You Can Help
If you are visiting, or live near the beach, you can help by keeping outside lights off during turtle season from May through October. Make sure to remove chairs, umbrellas and other gear from the beach each night. Level all sand castles and fill any holes dug during play. Please pick up all trash. Sea turtles mistakenly eat debris, especially plastic, which results in death. Never buy products made from sea turtles or any other endangered species

If You See A Turtle

If you encounter a nesting sea turtle on the beach stay clear. Do not shine lights or take flash photographs. When frightened the nesting turtle will return to the water where she will drop her eggs. If you see an injured, nesting or dead sea turtle, call the Florida Marine Patrol at 1-800-DIAL FMP

Sea Turtles Found in Florida

    Green Turtle

    Named for the #oe336bish color of its body fat, this turtle is listed as endangered in Florida. Most #oe336b turtles nest in the Caribbean, but up to 2000 nests can be found in Florida each year. For centuries, #oe336b turtles were hunted for their meat that was made into soup. Hunting and egg gathering greatly reduced their number. #oe336b turtles graze on the vast beds of sea grasses found throughout the tropics and are the only sea turtles that eat plants. Some travel over a thousand miles to nest on islands in the mid-Atlantic.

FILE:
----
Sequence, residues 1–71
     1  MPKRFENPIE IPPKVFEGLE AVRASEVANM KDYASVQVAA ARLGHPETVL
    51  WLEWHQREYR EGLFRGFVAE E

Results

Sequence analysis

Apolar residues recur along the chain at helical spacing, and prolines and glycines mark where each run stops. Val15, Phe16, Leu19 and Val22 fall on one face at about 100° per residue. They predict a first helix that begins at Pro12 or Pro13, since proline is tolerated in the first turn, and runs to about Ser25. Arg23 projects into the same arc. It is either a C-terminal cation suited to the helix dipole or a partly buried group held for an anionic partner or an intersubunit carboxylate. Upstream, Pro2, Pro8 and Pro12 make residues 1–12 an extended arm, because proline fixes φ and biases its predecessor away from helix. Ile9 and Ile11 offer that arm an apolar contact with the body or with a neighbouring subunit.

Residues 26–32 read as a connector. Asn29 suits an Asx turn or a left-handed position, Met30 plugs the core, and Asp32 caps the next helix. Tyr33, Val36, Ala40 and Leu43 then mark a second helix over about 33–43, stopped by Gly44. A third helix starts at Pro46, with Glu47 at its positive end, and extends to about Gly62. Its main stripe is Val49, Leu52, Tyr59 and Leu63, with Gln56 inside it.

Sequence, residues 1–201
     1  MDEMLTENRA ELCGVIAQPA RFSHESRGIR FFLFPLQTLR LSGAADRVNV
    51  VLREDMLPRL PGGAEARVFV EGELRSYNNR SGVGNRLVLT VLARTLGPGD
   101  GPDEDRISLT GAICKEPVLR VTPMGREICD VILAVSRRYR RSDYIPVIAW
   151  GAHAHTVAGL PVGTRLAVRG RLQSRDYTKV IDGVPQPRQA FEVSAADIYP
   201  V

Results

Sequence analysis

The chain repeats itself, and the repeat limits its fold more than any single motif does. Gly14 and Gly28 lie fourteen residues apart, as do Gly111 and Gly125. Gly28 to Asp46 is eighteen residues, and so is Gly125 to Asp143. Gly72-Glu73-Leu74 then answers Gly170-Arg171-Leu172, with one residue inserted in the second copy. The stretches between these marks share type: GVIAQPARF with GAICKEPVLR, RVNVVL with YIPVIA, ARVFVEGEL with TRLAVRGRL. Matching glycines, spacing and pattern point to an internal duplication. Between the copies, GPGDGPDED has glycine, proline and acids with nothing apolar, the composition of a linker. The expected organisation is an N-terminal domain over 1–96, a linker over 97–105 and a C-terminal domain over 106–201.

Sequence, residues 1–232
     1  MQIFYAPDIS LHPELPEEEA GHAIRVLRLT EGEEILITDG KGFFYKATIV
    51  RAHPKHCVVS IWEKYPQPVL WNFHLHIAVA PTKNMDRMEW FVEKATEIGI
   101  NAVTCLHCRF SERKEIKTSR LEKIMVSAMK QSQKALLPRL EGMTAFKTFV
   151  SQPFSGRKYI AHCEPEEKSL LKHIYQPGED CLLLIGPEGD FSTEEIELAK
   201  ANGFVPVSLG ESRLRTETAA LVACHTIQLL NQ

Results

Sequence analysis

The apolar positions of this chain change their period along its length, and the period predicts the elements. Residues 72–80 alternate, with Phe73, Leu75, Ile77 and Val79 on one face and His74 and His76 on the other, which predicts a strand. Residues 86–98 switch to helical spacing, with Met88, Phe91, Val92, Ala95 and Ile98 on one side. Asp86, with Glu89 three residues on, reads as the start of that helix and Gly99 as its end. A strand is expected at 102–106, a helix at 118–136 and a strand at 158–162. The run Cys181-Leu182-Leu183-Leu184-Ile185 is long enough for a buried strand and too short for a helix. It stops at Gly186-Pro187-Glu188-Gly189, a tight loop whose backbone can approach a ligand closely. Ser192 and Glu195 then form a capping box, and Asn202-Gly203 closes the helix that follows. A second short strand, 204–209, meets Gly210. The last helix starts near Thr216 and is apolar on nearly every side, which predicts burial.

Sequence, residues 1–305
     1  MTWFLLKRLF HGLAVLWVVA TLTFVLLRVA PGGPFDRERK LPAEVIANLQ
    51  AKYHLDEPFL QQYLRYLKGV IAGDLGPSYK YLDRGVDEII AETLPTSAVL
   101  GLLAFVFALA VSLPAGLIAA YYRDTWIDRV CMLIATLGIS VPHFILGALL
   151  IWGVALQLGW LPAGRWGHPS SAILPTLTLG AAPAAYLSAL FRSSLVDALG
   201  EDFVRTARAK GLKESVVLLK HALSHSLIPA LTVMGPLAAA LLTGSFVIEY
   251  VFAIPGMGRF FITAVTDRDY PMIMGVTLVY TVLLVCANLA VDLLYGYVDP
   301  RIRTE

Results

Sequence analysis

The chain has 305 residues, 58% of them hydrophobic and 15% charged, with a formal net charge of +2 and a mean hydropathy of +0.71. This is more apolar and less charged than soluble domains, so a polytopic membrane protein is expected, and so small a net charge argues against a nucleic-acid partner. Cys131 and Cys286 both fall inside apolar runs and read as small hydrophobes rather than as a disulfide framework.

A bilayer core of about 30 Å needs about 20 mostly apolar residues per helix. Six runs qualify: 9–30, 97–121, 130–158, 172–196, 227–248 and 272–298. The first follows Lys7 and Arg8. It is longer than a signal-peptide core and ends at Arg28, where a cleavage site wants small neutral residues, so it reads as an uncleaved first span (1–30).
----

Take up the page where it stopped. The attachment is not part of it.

Hawksbill Turtle

    This turtle is a relatively small turtle, and has been hunted to the brink of extinction for its beautiful shell. Once relatively common in Florida, these turtles now rarely nest here. They feed on sponges and other invertebrates and tend to nest on small, isolated beaches.

    Leatherback Turtle

    This endangered turtle is the largest and most active of the sea turtles. Up to eight feet in length, these huge turtles have a rubbery dark shell marked by seven narrow ridges that run the length of their back. Many travel thousands of miles and dive thousands of feet deep. They also venture into much colder water than any other sea turtle. These turtles feed on jellyfish and soft-bodied animals that would appear to provide very little nutrition for such huge animals. Ingestion of plastic bags and egg collecting are reasons for mortality and population declines. About 200 leatherback nests are recorded in Florida each year.